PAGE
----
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Frequently Asked Questions

Can Turkeys control ticks?

Yes, Wild Turkeys can control ticks to some extent. One or two wild Turkeys would not be sufficient, a flock of wild Turkeys is needed to influence the attack of the ticks. Domestic Turkey may not be effective in controlling the Tick population as they have other food preferences.

Do domestic Turkeys eat insects and ticks?

Yes, but not as much as wild ones. The domestic Turkeys mainly fill their stomach up with grasses and kitchen scraps; tomatoes, sweet corn, summer squash, and lettuce, etc.

Who are ticks biggest predators?

Ticks have a noticeable number of predators but opossums, wild Turkeys, ants, spiders, frogs, chickens, guineafowls, and squirrels, are their natural predators.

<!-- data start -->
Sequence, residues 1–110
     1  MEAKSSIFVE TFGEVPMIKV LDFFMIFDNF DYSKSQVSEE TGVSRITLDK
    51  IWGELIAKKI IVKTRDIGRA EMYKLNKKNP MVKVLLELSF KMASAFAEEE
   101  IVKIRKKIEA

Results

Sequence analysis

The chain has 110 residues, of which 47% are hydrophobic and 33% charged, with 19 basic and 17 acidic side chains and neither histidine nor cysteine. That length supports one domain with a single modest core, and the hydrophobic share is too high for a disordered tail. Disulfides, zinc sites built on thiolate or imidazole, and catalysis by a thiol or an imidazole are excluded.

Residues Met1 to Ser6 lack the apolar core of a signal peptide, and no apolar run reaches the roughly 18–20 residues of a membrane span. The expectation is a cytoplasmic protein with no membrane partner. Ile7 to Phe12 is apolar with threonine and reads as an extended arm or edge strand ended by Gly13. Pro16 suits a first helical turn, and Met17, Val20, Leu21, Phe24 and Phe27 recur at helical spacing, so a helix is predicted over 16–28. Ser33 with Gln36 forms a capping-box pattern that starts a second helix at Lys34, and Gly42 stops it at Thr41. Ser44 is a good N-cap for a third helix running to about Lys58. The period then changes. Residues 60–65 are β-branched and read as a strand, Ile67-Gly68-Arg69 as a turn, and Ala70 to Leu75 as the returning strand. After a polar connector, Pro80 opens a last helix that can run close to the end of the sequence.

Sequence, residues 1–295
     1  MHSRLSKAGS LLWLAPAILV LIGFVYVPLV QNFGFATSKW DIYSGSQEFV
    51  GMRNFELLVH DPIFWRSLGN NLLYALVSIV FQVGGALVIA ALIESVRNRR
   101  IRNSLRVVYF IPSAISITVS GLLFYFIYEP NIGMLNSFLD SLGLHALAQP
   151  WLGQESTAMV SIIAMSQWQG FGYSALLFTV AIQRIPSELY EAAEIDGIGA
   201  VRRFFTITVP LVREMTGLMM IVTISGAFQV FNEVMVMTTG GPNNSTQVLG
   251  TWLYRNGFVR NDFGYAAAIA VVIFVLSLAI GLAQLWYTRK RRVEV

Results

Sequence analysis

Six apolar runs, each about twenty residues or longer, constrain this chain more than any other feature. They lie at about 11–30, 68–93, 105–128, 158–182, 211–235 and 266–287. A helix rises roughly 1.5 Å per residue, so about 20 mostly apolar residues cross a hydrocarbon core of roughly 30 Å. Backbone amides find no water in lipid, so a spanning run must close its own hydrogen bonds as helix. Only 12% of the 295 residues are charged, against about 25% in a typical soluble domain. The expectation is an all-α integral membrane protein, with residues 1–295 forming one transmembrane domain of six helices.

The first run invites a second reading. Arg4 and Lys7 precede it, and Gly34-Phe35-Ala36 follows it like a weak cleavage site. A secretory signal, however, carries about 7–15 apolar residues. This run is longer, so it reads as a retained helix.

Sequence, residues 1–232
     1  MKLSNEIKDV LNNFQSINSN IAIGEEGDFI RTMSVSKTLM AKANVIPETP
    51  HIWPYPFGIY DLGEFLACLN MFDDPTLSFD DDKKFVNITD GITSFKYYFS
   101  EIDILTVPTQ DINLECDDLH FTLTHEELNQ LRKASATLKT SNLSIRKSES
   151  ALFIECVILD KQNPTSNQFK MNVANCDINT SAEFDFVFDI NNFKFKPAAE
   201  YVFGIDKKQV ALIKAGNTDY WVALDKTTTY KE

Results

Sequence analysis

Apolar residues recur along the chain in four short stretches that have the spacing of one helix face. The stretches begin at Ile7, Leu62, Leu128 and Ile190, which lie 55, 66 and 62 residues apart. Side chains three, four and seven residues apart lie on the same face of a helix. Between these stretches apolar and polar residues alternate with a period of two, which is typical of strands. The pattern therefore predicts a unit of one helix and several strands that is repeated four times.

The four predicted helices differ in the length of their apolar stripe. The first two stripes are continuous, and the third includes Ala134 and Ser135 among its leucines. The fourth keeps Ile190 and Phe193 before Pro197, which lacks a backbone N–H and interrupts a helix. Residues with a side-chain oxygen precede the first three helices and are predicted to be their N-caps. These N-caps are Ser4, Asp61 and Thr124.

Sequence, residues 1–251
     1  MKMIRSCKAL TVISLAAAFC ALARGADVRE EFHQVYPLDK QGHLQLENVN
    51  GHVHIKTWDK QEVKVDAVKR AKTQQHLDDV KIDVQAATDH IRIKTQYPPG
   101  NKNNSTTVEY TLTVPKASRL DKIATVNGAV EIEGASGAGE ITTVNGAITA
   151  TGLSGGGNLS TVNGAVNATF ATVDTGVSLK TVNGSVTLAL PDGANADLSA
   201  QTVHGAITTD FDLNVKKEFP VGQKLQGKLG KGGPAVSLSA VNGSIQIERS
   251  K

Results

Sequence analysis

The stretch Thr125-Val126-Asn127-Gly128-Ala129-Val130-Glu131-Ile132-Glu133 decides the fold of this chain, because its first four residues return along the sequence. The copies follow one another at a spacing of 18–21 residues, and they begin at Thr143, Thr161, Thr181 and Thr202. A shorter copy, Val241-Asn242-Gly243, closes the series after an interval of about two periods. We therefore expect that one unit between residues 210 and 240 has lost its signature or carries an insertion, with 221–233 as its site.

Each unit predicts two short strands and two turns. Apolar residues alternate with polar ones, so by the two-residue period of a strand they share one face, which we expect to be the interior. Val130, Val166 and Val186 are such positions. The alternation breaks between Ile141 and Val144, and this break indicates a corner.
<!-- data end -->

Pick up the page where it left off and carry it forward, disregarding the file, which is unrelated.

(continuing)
• Cooperative Extension: Tick Lab
  • Wild turkey (Meleagris gallopavo) as a host of ixodid ticks, lice, and Lyme disease spirochetes
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Ethan Smith is a seasoned marine veteran, professional blogger, witty and edgy writer, and an avid hunter. He spent a great deal of his childhood years around the Apache-Sitgreaves National Forest in Arizona. Watching active hunters practise their craft initiated him into the world of hunting and rubrics of outdoor life. He also honed his writing skills by sharing his outdoor experiences with fellow schoolmates through their high school’s magazine. Further along the way, the US Marine Corps got wind of his excellent combination of skills and sought to put them into good use by employing him as a combat correspondent. He now shares his income from this prestigious job with his wife and one kid. Read more >>